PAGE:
Ben Johnson

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HHS mandate means ‘ongoing, comprehensive government surveillance’: two new colleges sue

Ben Johnson
Ben Johnson
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ALEXANDRIA, LOUISIANA, February 20, 2012 (LifeSiteNews.com) – The impending requirement that religious institutions provide abortifacient drugs not only violates their consciences, but favors some religions over others and would require “ongoing, comprehensive government surveillance” of private institutions’ religious beliefs, a new lawsuit filed against the Obama administration states.

Two more Christian colleges stand poised to introduce litigation against the mandate being implemented by the Department of Health and Human Services as part of the health care reform law.

Louisiana College, which is associated with the Southern Baptist Convention, describes itself as “a private Baptist co-educational college of liberal arts” with a “dedication to academic excellence to the glory of God.” Its doctrinal statement declares everyone associated with the college “should contend for the sanctity of human life from conception to natural death.”

“They’re really concerned about the requirement that they would cover drugs that are abortifacients. That violates their sincerely held belief to protect life at all stages, even at the embryonic stage,” Kevin Theriot, senior counsel with the Alliance Defense Fund, told LifeSiteNews.com.

(Click “like” if you want to end abortion! )

The college’s legal complaint is a scalding indictment of the requirement that it provide services that deeply offend the its moral and ethical sensibilities.

“The Mandate coerces LC to change or violate its religious beliefs,” it states. The defendants – which include HHS Secretary Kathleen Sebelius, Labor Secretary Hilda Solis, Treasury Secretary Tim Geithner and their respective departments – “promulgated both the Mandate and the religious exemption in order to suppress the religious exercise of LC and others,” the suit states.

The college’s lawyers say the college will face substantial financial penalties if it does not provide services its leadership considers sinful, because it does not fit the administration’s narrow definition of a “religious institution.” They insist the president’s “accommodation” offers them no remedy, because it is “entirely fictitious. It does not exist in the rule or guidance President Obama enacted on February 10, and it need never be formally proposed or adopted.”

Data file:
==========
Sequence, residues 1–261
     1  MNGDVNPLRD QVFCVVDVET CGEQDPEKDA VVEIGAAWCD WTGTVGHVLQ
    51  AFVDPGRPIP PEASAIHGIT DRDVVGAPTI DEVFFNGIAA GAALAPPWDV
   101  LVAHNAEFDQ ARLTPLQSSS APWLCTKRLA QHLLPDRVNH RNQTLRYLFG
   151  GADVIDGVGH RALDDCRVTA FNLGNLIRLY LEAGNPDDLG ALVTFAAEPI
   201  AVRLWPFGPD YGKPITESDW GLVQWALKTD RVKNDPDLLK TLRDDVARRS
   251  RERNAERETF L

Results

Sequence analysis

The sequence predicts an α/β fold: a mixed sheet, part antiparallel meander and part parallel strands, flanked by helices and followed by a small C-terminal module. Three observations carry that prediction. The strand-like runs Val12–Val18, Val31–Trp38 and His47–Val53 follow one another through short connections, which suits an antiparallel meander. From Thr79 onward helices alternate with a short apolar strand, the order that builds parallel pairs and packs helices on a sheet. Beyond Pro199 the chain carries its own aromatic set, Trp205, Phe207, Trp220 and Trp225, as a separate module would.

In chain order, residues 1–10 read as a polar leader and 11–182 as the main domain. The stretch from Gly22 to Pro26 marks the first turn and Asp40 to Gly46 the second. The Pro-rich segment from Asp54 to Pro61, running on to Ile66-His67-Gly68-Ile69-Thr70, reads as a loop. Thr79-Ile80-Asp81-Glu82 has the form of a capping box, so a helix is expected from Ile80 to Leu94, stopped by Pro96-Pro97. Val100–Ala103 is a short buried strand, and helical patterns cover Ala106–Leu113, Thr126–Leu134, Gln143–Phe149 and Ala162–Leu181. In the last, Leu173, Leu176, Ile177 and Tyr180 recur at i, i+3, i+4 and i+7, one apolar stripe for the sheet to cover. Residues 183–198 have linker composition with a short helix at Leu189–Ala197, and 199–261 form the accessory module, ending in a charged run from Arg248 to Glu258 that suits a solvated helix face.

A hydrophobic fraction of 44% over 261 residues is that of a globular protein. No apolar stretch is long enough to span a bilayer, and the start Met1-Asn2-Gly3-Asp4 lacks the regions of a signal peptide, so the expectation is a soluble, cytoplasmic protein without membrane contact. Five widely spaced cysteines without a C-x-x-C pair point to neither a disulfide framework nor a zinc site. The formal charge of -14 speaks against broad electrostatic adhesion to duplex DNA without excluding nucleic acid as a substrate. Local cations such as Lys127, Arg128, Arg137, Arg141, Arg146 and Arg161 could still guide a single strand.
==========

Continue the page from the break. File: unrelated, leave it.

Instead, they contend the bill requires the government to ”analyze the content of LC’s religious belief requiring ongoing, comprehensive government surveillance that impermissibly entangles Defendants with religion.”

And it “distinguishes among religions and denominations, favoring some over others” – namely favoring those faiths or sects that do not object to abortion.

“The Obama administration has purposely transformed a non-existent problem – access to contraception – into a constitutional crisis,” said Mike Johnson, dean of Louisiana College’s Pressler School of Law, who is acting as co-counsel on this case. “This mandate offers no choice; Americans either comply and abandon their convictions or resist and be punished.”

The lawsuit says the law violates the Religious Freedom Restoration Act, and the First and Fifth Amendments to the Constitution.

“There’s absolutely no reason for them to include these religious organizations in the way that they have,” Theriot told LifeSiteNews.

“Part of the mandate it to include counseling including these abortifacients, and that’s forced speech which violates the school’s free speech rights,” Theriot said.

Compelled speech has been cited in cases that struck down statutes in New York City and Baltimore that sought to compel crisis pregnancy centers to post signs outside their facilities, telling women they do not provide abortions.

Samuel B. Casey of the Law of Life Project explained to LifeSiteNews.com in that context that the First Amendment means the government cannot “make a private citizen speak the government’s message.”

“It doesn’t matter what the message is,” he said. “What matters is that it’s the government’s message.” 

“They have multiple constitutional protections,” Theriot said about his client, “and we’re very confident that the court will recognize that, and will say that the Obama administration’s attempt to trample on religious freedom in this instance is not justified.”

Tomorrow, the Baptist institution will be followed into court by Geneva College, an institution of higher learning in the Reformed tradition, based in Beaver Falls, Pennsylvania.